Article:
DECEMBER 27, 2013
|A seafood stall keeper returns change to a customer at a market in |
Kuala Lumpur August 27, 2013. — Reuters pic
KUALA LUMPUR, Dec 27 — The year 2013 saw a number of consumerism issues, including subsidy rationalisation, Goods and Services Tax (GST), price of consumer products, utility tariffs and housing, being the hot topic of debates.
In regards to subsidy rationalisation, the year saw an increase in the price of two commodities, namely fuel and sugar.
In September, the price of petrol RON95 and diesel was increased by 20 sen respectively under the subsidy rationalisation programme, which could save the government from subsidy burden of RM3.3 billion a year.
Despite the 20-sen subsidy reduction, the government still provides 63-sen subsidy for a litre of RON95 and 80 sen for a litre of diesel.
The subsidy rationalisation programme also saw the abolition of sugar subsidy by 34 sen, which made the price of a kilogramme of sugar to stand at RM2.85 now compared to RM2.50 previously.
Prime Minister Datuk Seri Najib Tun Razak, when announcing the abolition of sugar subsidy in the 2014 Budget last October, said that the move was made because of concerns over the rising number of diabetes cases in the country.
While some were cynical about the statement, the move could actually help the government to save RM551.25 million from the abolished subsidy in 2014.
Another consumerism issue that captured public attention this year was the six per cent GST, which to be implemented from April 2015, to replace the Sales and Service Tax (SST).
Many claimed that the implementation of the GST would cause the price of certain goods and services to become more expensive.
Finance Ministry secretary-general Tan Sri Dr Mohd Irwan Siregar Abdullah clarified that the GST was better than SST as it only imposed a six per cent tax on goods and services, compared to SST, which comprised Sales Tax of 10 per cent and Service Tax of six per cent.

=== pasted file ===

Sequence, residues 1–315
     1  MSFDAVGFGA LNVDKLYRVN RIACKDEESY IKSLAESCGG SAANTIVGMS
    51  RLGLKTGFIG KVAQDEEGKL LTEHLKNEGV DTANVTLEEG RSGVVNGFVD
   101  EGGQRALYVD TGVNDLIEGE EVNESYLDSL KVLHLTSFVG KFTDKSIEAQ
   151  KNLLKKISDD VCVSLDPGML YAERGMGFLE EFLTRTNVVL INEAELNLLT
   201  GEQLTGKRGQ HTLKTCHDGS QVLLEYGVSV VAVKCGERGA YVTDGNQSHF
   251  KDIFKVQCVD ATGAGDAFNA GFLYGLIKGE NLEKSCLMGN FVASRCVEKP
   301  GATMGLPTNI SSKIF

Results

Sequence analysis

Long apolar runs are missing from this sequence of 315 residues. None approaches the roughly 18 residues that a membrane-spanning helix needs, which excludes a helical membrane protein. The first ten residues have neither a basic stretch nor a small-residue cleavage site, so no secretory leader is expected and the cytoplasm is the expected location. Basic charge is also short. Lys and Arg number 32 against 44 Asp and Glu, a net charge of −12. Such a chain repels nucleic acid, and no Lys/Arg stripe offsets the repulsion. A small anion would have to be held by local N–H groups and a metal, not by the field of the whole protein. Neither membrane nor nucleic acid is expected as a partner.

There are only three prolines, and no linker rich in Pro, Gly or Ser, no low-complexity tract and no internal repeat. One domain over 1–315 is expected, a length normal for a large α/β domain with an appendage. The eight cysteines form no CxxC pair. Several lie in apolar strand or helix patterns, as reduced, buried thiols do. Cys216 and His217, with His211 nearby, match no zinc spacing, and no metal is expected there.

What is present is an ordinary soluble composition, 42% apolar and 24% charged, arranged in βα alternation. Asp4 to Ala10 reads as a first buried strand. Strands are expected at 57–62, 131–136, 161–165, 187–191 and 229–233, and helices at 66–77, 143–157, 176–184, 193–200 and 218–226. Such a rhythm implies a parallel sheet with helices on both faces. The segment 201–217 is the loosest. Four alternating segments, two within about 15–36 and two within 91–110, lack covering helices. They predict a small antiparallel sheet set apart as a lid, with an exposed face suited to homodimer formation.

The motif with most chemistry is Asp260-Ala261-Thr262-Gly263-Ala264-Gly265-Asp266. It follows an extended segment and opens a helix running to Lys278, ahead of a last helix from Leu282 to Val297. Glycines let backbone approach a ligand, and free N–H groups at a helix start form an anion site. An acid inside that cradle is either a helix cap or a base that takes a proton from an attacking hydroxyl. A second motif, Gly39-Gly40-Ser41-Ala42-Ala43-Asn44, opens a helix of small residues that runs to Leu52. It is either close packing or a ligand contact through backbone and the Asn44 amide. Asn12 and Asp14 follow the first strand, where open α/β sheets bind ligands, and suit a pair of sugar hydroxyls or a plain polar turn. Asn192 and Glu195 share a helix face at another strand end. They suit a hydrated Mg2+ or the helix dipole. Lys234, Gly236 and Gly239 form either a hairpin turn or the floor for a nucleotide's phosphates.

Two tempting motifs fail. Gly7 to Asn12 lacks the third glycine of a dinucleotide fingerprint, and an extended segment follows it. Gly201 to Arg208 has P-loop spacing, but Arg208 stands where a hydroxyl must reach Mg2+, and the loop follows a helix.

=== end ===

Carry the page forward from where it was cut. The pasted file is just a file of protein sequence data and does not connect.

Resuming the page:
In order to protect the people, the government had decided that the GST would not be imposed on essential items.
“GST is not really an issue because it's not a new tax. It's just a tax reform method,” Kuala Lumpur Consumer Safety Association president Samsudin Mohamad Fauzi told Bernama.
Earlier this year, the government had also decided to review the gas and electricity subsidies, with the electricity tariff in Peninsular Malaysia being increased by 14.89 per cent or 4.99 sen per kilowatt hour (kWh) to 38.53 sen/kWh, effective Jan 1, 2014.
The current electricity tariff in the peninsula is 33.54 sen/kWh.
The electricity tariff in Sabah and Labuan would also be increased by 5 sen/kWh or by 16.9 per cent from the current rate of 29.52 sen/kWj, effective on the same date.
However, 70.67 per cent or 4.56 million of the 6.45 million domestic users in the peninsula, and 62 per cent or 260,000 of the 418,000 in Sabah and Labuan, who use electricity at the rate of 300 kWh and below, will not be affected by the review.
The last time the tariff was reviewed was in June 2011.
In the meantime, the issue of home ownership was answered when Najib, in tabling the 2014 Budget, announced a series of measures to increase the people's affordability of buying a house, to keep house prices stable, and to curb extreme housing speculation activities.
One of the important measure was the cooperation to be forged between the government and private sectors to build a total of 223,000 affordable housing units in a bid to improve the people's access to home ownership.
In addition, the government would also introduce a Private Affordable Housing Scheme or MyHome, which offers a subsidy of RM30,000 per unit, to encourage private housing developers to build more low- and medium-cost houses. — Bernama
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